In a conversation with a General Conference leader in the Seventh-day Adventist Church, I learned that one of the topics most frequently referenced by members who contact him in his official capacity is the organizational ethnic segregation that still exists in the church, particularly in North America. Over the last half century, Western societies have sought to eliminate organizational segregation even as they continue to struggle with prejudice and inequities in their social systems. It seems that the time may have come for the Seventh-day Adventist Church in North America to begin a serious dialogue on this subject.
Because of the sensitive nature of this subject, it needs to be approached in a careful and Christlike manner. We need to create what William Isaacs calls the “container” for deep, honest dialogue, where we can safely yet effectively seek answers to difficult issues. I do not pretend to have the answers on this subject, but I hope that these articles can move the church toward creating a container and engaging in a serious discussion on this very important topic.
In this series of four articles, we will first look at two different theological approaches to integration in the church, and then we will explore some sociological and psychological dynamics that affect how people group themselves. Next we will review some of the historical events that led to our current organizational structure, and finally I will share a few results of some research that I conducted, asking clergy and members to share their thoughts on organizational segregation in the Adventist Church.
Theological Approaches to Integration in the Church
There are at least two diverse theological approaches to segregation and integration in the Christian church. One is the “homogeneous unit principle” and the other is the “united in Christ” approach. In this article, we will describe these two approaches and comment on them.
Homogeneous Unit Principle
Donald McGavran has proposed the homogeneous unit principle as foundational for church growth among evangelicals. “Men like to become Christians without crossing racial, linguistic or class barriers,” he writes. Therefore, McGavran suggests that local churches should be mono-cultural and focus their evangelistic efforts on their own ethnic group. The thinking is that the church should circumvent cultural barriers when evangelizing rather than seeking to overcome them.
Pawan Dhingra illustrated this when he studied four second-generation Korean churches that were attempting to become multicultural churches. His study contains this quote from one of the members: “I like going to church where everybody is all Korean, where everybody looks like me, where we share the same culture.”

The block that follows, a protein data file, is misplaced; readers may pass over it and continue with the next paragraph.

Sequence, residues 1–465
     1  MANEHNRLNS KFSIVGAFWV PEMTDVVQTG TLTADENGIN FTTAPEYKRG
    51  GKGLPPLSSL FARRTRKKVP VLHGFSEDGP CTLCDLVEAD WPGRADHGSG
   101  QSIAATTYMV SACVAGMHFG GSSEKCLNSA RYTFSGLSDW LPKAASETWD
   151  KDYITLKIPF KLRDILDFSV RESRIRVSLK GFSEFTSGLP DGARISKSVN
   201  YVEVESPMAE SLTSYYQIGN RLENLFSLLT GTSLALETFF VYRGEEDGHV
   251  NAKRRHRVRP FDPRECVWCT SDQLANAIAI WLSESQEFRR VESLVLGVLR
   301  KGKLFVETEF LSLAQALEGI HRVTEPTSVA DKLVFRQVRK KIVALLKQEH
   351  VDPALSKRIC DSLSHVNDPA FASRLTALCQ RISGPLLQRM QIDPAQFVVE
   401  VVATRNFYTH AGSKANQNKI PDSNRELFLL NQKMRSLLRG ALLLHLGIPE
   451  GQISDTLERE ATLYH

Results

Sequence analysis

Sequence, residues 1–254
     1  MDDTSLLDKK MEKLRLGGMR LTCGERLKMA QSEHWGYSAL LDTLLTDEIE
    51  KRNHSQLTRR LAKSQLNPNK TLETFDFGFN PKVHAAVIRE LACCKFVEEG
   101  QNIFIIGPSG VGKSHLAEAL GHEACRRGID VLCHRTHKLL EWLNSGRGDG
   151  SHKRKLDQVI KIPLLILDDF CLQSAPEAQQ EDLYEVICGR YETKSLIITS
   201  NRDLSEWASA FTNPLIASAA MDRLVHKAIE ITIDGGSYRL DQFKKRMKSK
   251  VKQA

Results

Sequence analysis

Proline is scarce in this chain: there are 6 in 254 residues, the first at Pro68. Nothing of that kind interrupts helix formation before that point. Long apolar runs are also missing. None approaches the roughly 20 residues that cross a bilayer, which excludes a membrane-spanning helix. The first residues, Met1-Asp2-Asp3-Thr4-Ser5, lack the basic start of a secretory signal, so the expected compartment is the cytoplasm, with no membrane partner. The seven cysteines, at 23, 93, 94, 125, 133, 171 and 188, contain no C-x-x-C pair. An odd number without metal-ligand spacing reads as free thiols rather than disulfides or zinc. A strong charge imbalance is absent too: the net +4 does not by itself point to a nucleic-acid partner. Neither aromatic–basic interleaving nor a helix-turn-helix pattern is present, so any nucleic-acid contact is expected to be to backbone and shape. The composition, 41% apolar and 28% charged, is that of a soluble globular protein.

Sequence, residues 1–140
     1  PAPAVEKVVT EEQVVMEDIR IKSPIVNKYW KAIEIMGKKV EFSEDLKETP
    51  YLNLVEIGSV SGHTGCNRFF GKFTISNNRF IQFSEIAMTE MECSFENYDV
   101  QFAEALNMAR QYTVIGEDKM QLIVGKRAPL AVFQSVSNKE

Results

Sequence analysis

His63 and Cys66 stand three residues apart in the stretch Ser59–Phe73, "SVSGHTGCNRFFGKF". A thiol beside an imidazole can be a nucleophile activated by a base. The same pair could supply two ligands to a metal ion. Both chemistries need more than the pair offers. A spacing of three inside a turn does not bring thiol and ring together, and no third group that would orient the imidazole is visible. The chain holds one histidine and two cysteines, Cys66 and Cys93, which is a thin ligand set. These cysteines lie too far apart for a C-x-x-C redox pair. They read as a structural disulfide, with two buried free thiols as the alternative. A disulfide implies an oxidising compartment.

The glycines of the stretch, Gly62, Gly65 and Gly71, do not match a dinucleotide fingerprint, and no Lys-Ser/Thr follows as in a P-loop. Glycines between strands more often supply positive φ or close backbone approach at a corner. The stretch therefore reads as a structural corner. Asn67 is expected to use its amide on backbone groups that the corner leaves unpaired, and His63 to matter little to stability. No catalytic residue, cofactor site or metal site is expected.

Peter Wagner helped develop the American Church Growth Movement based on the homogeneous unit principle. He followed McGavran at Fuller Theological Seminary and continued his work in the area of church growth. Wagner supports McGavran’s principle for churches. He believes that the idea that all cultures should melt together to form a new unique culture is more an American idea than it is a biblical or Christian idea.
Wagner rejects the idea that the United States is the “melting pot” of cultures. Instead, he follows Andrew Greeley in using the metaphor of a “stew pot.” “In a stew pot, each ingredient adds its characteristic flavor to every other ingredient, but all maintain their own identities and integrity.” Wagner believes that belonging to a people group distinct from others is natural and healthy. He even posits that God intended humans to live this way based on the confusing of language and the scattering of peoples at the Tower of Babel. Congregations should be composed of homogeneous units, but there should be intentional interaction and fellowship between these congregations rather than total segregation and isolation.
Evangelism is effective when people are asked to join a homogeneous unit. Wagner states that a multicultural church “seldom grows,” and when it does, it is usually “heavy on transfer growth and light on conversion growth.”
Although it is often accused of being racist, Wagner sees the homogeneous unit principle as “a powerful antidote for cultural chauvinism, racism, and discrimination.” He believes that this principle respects the culture of those evangelized by not requiring converts to change their culture to become Christians. Every attempt at defining a “biblical theology” always includes elements of a particular culture. To attempt to impose this on Christians of other cultures is a form of racism. As examples, Wagner cites the Judaizers of Acts 15 and the modern descendants of the Anabaptists who have preserved sixteenth-century German and Dutch culture within their theological framework. To attempt to make this prescriptive for all Christians would be a form of racism.
Wagner also believes that homogeneous units cannot be combined at the congregational level without one unit assimilating into the other and losing its distinct identity. He affirms that most attempts at truly multiethnic local churches have failed. However, Christian love demands genuine fellowship at the “supra-congregational” level rather than isolation from each other.
One study looked at variations in ethnic diversity in local congregations representing five major denominations in the United States. The researcher concluded that perhaps ethnic diversity should not be the goal of congregations. “Perhaps homogeneity is necessary to produce religious vitality. A distinct racial-ethnic identity is a source of strength and vitality, especially for religious communities composed of minority groups (Dudley & Roozen, 2001).” The author proposed that cell churches might be a way to combine homogeneity (in the small groups) with diversity (at the joint corporate worship services).